Tip: Use snowshoeing poles to increase stability over uneven terrain. They can be especially helpful when crossing over fallen trees and branches.


Packing for a snowshoeing outing is similar to packing for a day hike during the warmer months of the year. The only difference is the conditions are more extreme in the winter which can make things more dangerous if you’re unprepared.


If you’re venturing into backcountry areas or avalanche zones be sure to carry the appropriate avalanche safety gear which includes a probe, shovel, and locator beacon.

Regardless of where your snowshoe route takes you, here is some advice that all winter enthusiasts should consider:

  • Always carry a map, trail guide, and compass. Make photocopies so you don’t have to carry a heavy book.
  • Make sure you have everything you need to stay dry, warm, fed, and well hydrated regardless of what type of weather hits or if you don’t make it to your intended destination.
  • Carry a first aid kit.
  • Check the weather before you leave home. Make sure your daypack has everything you might need to stay safe.
  • Let someone know where you are going and when you expect to return.
  • Carry plant and wildlife guides to help increase your appreciation of nature.
  • Obey trail and area closures and restrictions. These are often in place to protect hikers and wildlife from harming one-another or to rehabilitate delicate ecosystems.


Snowshoeing equipment is an investment in what you most enjoy: time in the outdoors. Make sure you care for your equipment to get years of enjoyment from it.

 Before you go:

  • Check your snowshoe bindings, frames, and decking for damage. Check your poles, too.
  • Put fresh batteries in GPS, camera, and avalanche beacon.

After your trip:

  • Allow snowshoes to dry completely before storing. Store hanging or flat. Do not place heavy objects on top of snowshoes.
  • Lay out all wet clothing and boots to dry before putting away.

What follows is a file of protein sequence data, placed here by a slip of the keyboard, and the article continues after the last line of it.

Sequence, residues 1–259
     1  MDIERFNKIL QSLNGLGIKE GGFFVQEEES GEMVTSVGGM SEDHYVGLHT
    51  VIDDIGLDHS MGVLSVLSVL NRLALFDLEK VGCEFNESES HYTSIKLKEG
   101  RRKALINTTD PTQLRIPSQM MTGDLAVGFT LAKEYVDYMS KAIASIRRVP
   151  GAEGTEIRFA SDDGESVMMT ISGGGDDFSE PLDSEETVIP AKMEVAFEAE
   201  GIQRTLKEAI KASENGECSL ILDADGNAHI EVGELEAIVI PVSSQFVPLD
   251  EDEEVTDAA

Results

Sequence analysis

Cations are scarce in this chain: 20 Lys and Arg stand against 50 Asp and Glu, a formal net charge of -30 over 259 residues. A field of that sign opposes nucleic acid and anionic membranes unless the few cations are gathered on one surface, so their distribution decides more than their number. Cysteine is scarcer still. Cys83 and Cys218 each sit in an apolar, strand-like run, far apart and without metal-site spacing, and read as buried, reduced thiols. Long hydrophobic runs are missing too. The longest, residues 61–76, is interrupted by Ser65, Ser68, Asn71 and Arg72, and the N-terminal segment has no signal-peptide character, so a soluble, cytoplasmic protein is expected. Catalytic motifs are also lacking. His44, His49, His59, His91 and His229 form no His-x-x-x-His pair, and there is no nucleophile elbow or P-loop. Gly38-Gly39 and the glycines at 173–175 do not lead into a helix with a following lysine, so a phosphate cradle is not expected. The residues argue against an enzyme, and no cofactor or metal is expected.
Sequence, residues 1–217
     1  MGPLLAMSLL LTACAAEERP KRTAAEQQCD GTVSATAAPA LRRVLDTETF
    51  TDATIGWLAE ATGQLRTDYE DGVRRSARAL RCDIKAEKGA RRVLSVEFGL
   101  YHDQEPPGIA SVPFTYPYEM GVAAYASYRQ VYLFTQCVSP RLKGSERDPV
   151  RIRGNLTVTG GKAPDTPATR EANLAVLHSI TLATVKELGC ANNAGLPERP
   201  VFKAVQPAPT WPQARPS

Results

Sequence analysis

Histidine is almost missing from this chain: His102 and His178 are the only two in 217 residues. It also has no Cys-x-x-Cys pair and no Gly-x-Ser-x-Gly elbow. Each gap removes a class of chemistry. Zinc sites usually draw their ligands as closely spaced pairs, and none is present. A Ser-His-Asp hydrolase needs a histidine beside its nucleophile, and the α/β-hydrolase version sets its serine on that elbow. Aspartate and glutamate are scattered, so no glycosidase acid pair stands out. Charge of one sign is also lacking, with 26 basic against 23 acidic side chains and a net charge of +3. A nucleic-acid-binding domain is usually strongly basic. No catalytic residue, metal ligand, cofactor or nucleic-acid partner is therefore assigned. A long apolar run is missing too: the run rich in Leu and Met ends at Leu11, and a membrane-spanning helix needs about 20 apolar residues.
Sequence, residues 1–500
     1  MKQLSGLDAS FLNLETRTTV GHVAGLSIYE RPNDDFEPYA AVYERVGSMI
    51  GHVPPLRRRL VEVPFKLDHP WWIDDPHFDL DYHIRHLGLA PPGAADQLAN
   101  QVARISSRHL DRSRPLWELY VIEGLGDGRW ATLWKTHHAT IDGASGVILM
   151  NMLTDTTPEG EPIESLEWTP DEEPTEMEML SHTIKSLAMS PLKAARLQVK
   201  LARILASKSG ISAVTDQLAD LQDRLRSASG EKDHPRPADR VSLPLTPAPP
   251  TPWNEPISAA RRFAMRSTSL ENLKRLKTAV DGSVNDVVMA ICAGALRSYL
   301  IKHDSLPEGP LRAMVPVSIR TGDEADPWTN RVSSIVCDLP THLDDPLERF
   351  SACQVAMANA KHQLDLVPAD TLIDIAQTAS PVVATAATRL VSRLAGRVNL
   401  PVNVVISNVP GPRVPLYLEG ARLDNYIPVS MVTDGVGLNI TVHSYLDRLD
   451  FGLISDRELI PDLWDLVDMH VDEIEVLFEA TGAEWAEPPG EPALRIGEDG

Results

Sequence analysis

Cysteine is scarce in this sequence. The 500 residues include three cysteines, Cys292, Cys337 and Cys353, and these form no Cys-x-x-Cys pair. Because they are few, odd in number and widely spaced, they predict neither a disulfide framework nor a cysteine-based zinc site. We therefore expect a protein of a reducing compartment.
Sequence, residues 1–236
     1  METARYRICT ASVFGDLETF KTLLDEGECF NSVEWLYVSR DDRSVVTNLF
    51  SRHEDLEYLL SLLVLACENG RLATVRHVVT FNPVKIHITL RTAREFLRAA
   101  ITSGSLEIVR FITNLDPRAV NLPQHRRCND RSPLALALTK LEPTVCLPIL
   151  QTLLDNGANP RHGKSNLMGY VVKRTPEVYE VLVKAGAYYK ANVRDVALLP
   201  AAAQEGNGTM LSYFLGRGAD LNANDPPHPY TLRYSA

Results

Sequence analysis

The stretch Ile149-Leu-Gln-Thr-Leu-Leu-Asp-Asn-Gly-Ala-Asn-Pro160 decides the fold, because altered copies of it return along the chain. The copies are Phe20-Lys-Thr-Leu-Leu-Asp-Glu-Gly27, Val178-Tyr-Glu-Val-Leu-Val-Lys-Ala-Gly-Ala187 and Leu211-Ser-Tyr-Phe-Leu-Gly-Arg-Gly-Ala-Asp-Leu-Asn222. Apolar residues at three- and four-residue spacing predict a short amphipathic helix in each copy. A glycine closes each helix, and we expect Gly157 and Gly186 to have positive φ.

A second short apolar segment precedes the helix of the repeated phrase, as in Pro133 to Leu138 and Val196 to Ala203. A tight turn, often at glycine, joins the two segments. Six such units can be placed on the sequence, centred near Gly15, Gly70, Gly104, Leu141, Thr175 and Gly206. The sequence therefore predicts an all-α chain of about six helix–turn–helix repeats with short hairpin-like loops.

• Animals live more difficult lives in the winter. Stay on established trails and do not follow animal tracks.
  • Never dispose of garbage under snow. Carry out what you carry in.
  • Be careful not to drop food on the trail. Treat leftover food like garbage.
  • Obey all rules regarding dogs in snowshoe areas.
  • Be sure to keep dogs on a leash to stop them from chasing wildlife.


1)      Don’t cross over frozen bodies of water, no matter how sturdy the ice may look. It’s nearly impossible to tell whether it can support your weight simply by looking at the ice.

2)      When you’re hiking in a group of two or more, the person in front will exert the largest amount of energy as they are breaking new ground with every step. Rotate the first person to the back regularly to help keep your group moving efficiently.

3)      Ensure you’re two pole lengths behind the person in front of you to avoid getting poked with a snowshoeing pole.

4)      Look out for snowbombs, large piles of snow that have accumulated on tree branches above your head. They can easily fall when it’s windy or the temperature warms suddenly. Watch out!


  • Adhesive bandages
  • Antiseptic wipes
  • Band-Aids (butterfly bandages)
  • Gauze pads
  • Antihistamine (allergy medication)
  • Epi pen
  • First aid manual
  • Sterile pads
  • Adhesive tape
  • Ibuprofen or Tylenol 
  • Shop all first aid gear